The Orange region in the countryside of New South Wales in Australia is a destination for those who savour fresh produce, extraordinary wines, the buzz of hip dinning and a strong changing and evolving café culture.
It is a spectacular rural landscape, an exciting and unique starting point for food and wine experiences and offers a diverse range of accommodation styles.
On a recent weekend escape we were thrilled to stay in a gorgeously renovated heritage three bedroom cottage adjacent to Cook Park.
This 4.5 hectare parkland named in honour of British explorer, navigator, cartographer, and captain in the Royal Navy Captain James Cook, is located in Summer Street west of the Post Office. Attractions include historic trees dating back to 1880, duck ponds, bird aviary, lattice fernery, swings and picnic tables.
Nostalgic memories of the uncomplicated charms parks have to offer swept over me as I ambled along the gravel tracks in the Park.
Ahead the ponds supported a haven for the ducks as they waddled along the banks and glided gracefully on the water. The arched bridge between the two water expanses was a source of pleasure for the children and toddlers as they squealed and giggled in delight criss-crossing the bridge and chasing the ducks.
These ponds had been redeveloped in 2011 and provided a habitat for Wood Ducks, Black Pacific Ducks, Turtles, Shags and Ibis.
Families frolicked and picnicked on the nearby tables. The to and fro movement of the swings had children enthralled by the sensation.
They offered a source of amusement and happiness, while the children’s laughter was contagious as the joy of reaching the sky was mesmerizing.
Meandering through the Park and discovering the sunken rose garden reached by four arched stairways that led to a centrally located sundial was charming.
The sundial itself was surrounded by eight beds of roses Perfume Delight, Black Velvet, Diamond Jubilee, Harmone, Konrad, Henkel, Pristine, Gold Medal and Lady X.
A raised bed of ground cover roses rested picturesquely below a thriving clipped hedge. Rock retaining walls supported the raised garden bed.
This section of the Park was built in memory of Frank J Mulholland, Town Clerk from 1895 to 1935 and is known as the Frank Mulholland Memorial Garden. It was officially opened in 1938.
Clumps of yellow and cream daffodils were scattered throughout the park adding colour and expressing the sentiments of spring.
The exquisite poetry of William Wordsworth tumbled into mind.
‘I wandered lonely as a cloud
That floats on high o’er vales and hills,
When all at once I saw a crowd,
A host, of golden daffodils:
Beside the lake, beneath the trees,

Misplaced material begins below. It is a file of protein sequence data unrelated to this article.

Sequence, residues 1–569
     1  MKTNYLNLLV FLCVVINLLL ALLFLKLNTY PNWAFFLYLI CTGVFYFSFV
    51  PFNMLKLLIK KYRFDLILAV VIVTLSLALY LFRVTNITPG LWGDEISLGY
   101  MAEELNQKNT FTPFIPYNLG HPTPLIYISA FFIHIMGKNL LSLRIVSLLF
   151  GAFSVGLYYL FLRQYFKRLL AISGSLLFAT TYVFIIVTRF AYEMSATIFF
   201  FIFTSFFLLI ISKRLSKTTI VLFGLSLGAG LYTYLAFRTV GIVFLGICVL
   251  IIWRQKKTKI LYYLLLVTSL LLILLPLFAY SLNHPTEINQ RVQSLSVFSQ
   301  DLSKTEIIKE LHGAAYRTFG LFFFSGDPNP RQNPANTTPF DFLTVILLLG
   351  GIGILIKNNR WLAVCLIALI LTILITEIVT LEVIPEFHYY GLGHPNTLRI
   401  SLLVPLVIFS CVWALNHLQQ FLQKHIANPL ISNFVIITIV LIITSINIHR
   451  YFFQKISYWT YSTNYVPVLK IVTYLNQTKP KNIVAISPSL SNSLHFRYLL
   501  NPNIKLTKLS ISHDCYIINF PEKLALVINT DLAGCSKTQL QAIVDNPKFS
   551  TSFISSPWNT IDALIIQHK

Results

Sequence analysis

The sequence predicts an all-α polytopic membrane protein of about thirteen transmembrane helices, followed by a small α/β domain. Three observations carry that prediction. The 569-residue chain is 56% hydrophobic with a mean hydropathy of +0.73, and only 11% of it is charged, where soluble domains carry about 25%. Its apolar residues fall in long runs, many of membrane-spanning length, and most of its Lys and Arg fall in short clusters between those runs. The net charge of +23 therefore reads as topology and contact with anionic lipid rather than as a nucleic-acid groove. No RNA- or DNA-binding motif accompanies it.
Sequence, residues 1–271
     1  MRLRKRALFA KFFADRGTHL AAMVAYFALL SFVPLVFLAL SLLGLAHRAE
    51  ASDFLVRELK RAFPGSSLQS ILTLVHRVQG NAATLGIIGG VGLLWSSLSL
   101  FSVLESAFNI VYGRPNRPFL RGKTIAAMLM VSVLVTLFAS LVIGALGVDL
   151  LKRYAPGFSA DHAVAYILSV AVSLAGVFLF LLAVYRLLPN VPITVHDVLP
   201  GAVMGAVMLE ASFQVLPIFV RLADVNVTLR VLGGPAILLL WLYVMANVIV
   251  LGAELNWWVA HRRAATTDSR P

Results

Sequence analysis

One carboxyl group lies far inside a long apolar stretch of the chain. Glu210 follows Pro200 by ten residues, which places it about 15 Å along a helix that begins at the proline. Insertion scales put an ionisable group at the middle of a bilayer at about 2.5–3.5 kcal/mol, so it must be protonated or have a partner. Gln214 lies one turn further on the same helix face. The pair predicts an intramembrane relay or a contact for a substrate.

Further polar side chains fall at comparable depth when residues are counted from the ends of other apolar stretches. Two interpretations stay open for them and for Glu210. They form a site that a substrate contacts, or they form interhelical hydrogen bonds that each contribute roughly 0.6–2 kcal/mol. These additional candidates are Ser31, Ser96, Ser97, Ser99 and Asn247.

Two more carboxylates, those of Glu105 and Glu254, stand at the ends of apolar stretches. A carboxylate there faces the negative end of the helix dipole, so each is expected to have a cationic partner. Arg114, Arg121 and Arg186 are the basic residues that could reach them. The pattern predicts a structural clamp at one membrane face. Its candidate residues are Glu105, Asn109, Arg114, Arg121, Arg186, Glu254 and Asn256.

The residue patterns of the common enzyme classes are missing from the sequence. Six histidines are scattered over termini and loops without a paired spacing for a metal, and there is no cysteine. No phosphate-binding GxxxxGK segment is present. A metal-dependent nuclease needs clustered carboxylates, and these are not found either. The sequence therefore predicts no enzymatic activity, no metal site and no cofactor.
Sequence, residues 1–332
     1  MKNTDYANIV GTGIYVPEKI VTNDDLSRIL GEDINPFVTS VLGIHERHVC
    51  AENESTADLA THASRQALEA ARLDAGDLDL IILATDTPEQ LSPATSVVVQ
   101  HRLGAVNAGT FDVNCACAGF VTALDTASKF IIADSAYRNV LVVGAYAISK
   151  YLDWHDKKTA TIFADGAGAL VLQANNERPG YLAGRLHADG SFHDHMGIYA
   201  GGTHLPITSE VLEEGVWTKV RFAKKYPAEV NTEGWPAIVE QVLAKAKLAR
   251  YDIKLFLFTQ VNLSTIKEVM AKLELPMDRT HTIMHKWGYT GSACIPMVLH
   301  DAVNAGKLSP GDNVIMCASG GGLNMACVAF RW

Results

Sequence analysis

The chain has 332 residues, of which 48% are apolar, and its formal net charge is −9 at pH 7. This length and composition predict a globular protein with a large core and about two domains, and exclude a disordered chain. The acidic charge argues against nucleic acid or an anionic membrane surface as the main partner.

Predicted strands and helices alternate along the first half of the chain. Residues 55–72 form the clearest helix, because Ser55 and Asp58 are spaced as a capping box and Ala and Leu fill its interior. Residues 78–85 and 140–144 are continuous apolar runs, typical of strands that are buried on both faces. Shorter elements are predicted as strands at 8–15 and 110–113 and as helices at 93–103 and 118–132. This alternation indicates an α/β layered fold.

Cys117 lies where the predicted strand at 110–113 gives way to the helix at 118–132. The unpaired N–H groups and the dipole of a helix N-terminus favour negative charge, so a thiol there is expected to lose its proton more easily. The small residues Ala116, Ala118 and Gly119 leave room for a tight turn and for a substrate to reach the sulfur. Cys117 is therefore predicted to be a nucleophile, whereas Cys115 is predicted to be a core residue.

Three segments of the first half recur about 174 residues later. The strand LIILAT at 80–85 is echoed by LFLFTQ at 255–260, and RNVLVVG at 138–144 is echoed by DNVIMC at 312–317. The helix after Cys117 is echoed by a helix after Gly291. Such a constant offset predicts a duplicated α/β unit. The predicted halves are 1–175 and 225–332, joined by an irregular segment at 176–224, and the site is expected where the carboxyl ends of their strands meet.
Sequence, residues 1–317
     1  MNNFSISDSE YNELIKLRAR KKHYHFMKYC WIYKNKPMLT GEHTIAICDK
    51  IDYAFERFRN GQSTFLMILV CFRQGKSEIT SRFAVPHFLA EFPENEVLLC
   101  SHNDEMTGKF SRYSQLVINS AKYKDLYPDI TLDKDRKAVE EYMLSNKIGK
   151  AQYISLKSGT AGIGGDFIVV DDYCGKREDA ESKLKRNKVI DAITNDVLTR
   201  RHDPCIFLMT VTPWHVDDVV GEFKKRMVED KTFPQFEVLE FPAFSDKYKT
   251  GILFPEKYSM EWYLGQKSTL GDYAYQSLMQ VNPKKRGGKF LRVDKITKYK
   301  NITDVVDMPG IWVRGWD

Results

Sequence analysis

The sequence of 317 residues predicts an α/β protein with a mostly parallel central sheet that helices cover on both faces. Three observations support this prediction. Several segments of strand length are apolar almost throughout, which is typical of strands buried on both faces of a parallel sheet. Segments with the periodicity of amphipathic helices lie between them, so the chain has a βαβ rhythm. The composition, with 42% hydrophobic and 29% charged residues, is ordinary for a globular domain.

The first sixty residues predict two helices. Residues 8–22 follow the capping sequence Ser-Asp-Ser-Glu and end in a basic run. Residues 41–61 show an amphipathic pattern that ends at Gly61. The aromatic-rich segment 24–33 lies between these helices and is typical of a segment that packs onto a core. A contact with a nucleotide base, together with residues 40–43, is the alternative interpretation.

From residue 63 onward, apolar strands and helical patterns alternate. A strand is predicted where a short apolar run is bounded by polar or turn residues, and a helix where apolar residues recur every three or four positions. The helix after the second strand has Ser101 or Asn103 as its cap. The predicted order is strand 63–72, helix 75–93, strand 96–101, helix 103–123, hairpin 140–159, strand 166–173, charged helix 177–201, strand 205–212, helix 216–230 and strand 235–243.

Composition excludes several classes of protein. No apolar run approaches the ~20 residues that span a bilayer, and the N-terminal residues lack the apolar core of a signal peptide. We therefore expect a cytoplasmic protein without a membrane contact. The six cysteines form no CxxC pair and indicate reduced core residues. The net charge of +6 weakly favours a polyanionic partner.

Fluttering and dancing in the breeze.’
Wandering down the avenue of Elm Trees time trickled away to reveal the beauty and majesty of ancient trees.
The sturdy strength of tree trunks, the shady spread of branches and the tilt and fall of leaves swept a soothing sensation over me.
The Bandstand stood beyond another corridor of trees. It was officially opened in 1908.
This well-designed structure was encircled with a very simple garden.
The flowerbed surrounding the Bandstand was modest but very effective with a single row of curly parsley hugging the rock boarder and a row of pansies hovering behind. The lime green of the parsley contrasted with the yellow, purple and sky blue heads of the bobbing pansies.
Towering trees surrounded the Bandstand filtering light and casting shadows.
The scene would only have been surpassed in autumn when the kaleidoscope of changing colours was ablaze.
Much further on the fernery that was built between 1937 and 1938 and restored in 1988 as part of a bicentennial project waited inspection.
The fernery contained varied ferns and other shade loving plants including Aspidistras and rows of potted Begonias.
The first begonias in Cook Park were donated by the City of Ballarat.
Sauntering onwards towards the aviary where I discovered that the original aviary was donated by Dr Wally Matthews, Mayor of Orange between 1936 – 1944 and again 1948 – 1950. In 1995 the aviary was enlarged to its present size.
A variety of bird life added a further fauna characteristic to Cook Park. Budgerigars playfully flew displaying their swift movements and colourful plumage. Princess Parrots darted elegantly and graciously.
The diamond Dove the smallest bird belonging to the pigeon and dove group soared and hovered.
While the Cockatiel, distantly related to cockatoos and like them had a crest perched contentedly on a branch.
A very endearing feature of the Park was Bastick Cottage home to the Park Guildry and operating as an arts and craft shop.
Originally it was built in 1887 at a cost of 185 pounds as the Caretakers Cottage.
It was named Bastick Cottage to honour two former Parks and Gardens Supervisors who, between father and son gave ninety years of service to Orange.
When it became vacant in 1973 it was developed as a venue in the district for displaying, promoting and selling of Arts and Crafts.
It is strongly a community project and is run on a voluntary roster system by the members of the Guildry. The Committee consists of twelve members each representing a different Arts and Crafts group in the district.
Searching through an assorted range of hand-made objects was like rummaging through a treasure chest of unexpected gems.
Beautiful wooden pieces, sewn and knitted garments and toys, and delicious jams, relishes, cakes and biscuits were beckoning buyers. It offered all the fun and possibilities of a fair.
Indeed Cook Park held the magic of by gone days and is freely available to everyone every day of the year.
The old fashioned simplicity of roaming and enjoying a beautiful Park is difficult to match.
Rose Niland, Special Features NSW, The Culture Concept Circle, 2015
Images by Rose Niland.